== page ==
My last post makes the case that the “American Idea” is thriving, contrary to a sense of gloom from many quarters. For example, the Democratic Party is so tied up with complaining about Donald Trump, that it is failing to address the fundamental reason why Mr. Trump was elected President last fall: the plight of blue-collar workers.
For well-known reasons (globalization and the growth of technology), blue-collar workers are not yet enjoying the full benefits of rising prosperity as much as the college educated managerial and professional classes. The basic reason for this is:
- Slow economic growth, averaging just 2% of GDP per year since the end of the Great Recession in June 2009. Our currently low unemployment rate of 4.2% and the prospects for regulatory reform and tax reform suggest that growth might start picking up soon.
- Fulfillment center weekly wages are 31% higher on average than for brick-and-mortar retail in the same area.
- Ecommerce workers are not likely to be college graduates but need a mixture of physical and cognitive skills.
- In the past two years the ecommerce industry has added 178,000 jobs in electronic shopping firms and another 58,000 jobs for express delivery companies. At the same time brick-and-mortar retail full time equivalent jobs have dropped by 123,000.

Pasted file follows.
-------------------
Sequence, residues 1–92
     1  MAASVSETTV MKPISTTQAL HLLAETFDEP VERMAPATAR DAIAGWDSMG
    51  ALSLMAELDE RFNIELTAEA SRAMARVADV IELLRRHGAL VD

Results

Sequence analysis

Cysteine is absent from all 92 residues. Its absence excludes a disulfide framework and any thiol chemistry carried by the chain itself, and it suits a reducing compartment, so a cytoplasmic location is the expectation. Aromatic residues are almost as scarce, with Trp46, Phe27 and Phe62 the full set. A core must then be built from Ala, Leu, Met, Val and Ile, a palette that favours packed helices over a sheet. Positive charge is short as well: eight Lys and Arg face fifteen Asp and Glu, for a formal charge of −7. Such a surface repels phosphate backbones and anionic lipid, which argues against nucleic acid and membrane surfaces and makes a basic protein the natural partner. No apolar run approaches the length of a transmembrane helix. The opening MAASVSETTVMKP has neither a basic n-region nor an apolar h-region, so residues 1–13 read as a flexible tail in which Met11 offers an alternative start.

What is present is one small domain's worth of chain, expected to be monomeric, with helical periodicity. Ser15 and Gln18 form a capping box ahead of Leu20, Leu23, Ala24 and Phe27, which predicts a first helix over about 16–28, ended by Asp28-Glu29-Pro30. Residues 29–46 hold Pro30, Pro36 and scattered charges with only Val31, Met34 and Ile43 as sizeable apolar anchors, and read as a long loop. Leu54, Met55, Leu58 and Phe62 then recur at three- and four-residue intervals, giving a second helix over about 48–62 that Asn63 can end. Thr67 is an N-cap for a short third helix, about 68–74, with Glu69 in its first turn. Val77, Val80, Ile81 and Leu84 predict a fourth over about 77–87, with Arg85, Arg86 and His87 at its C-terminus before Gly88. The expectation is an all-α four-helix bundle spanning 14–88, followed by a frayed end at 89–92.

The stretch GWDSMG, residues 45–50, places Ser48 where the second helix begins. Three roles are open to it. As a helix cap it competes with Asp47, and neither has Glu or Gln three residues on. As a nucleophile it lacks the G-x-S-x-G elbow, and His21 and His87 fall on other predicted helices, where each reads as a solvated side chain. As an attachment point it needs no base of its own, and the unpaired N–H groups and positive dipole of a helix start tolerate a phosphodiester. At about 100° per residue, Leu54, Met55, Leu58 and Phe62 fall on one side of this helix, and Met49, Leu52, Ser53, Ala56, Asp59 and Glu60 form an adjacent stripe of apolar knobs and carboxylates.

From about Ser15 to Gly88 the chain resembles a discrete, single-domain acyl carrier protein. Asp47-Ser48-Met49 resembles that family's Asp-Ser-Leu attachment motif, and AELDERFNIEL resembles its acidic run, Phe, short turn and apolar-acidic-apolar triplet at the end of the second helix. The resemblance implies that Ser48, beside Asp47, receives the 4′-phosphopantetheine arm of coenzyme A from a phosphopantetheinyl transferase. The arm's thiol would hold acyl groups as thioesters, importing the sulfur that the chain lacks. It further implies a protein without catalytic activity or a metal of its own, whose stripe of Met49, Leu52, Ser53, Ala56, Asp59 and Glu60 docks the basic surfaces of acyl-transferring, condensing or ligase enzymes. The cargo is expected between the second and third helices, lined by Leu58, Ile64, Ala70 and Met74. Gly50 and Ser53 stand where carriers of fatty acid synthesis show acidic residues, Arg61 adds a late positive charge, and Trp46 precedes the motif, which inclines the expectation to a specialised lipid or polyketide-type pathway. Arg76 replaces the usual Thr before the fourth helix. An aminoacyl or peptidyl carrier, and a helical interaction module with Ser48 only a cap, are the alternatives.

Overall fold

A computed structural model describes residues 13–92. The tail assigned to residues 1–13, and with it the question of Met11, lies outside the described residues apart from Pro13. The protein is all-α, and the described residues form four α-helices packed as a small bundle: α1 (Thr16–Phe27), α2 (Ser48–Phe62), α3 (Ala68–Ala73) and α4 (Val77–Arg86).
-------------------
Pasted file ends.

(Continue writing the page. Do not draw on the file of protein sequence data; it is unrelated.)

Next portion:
- Americans spend 1.2 billion hours per week shopping in brick-and-mortar stores. Since 2007, roughly 64 million hours per week of these “unpaid hours” have shifted to fulfillment center workers and truck drivers. In this way unpaid household shopping hours are turning into paid market work.
- The economics of manufacturing will likely soon be changed in a similar manner from producing and distributing goods in bulk to small-batch manufacturing closer to the customer.
Conclusion. “The internet of goods,” spearheaded by Amazon, has already increased the productivity and wages of many retail (fulfillment center) workers and will soon do the same thing in manufacturing. This is private enterprise at its finest.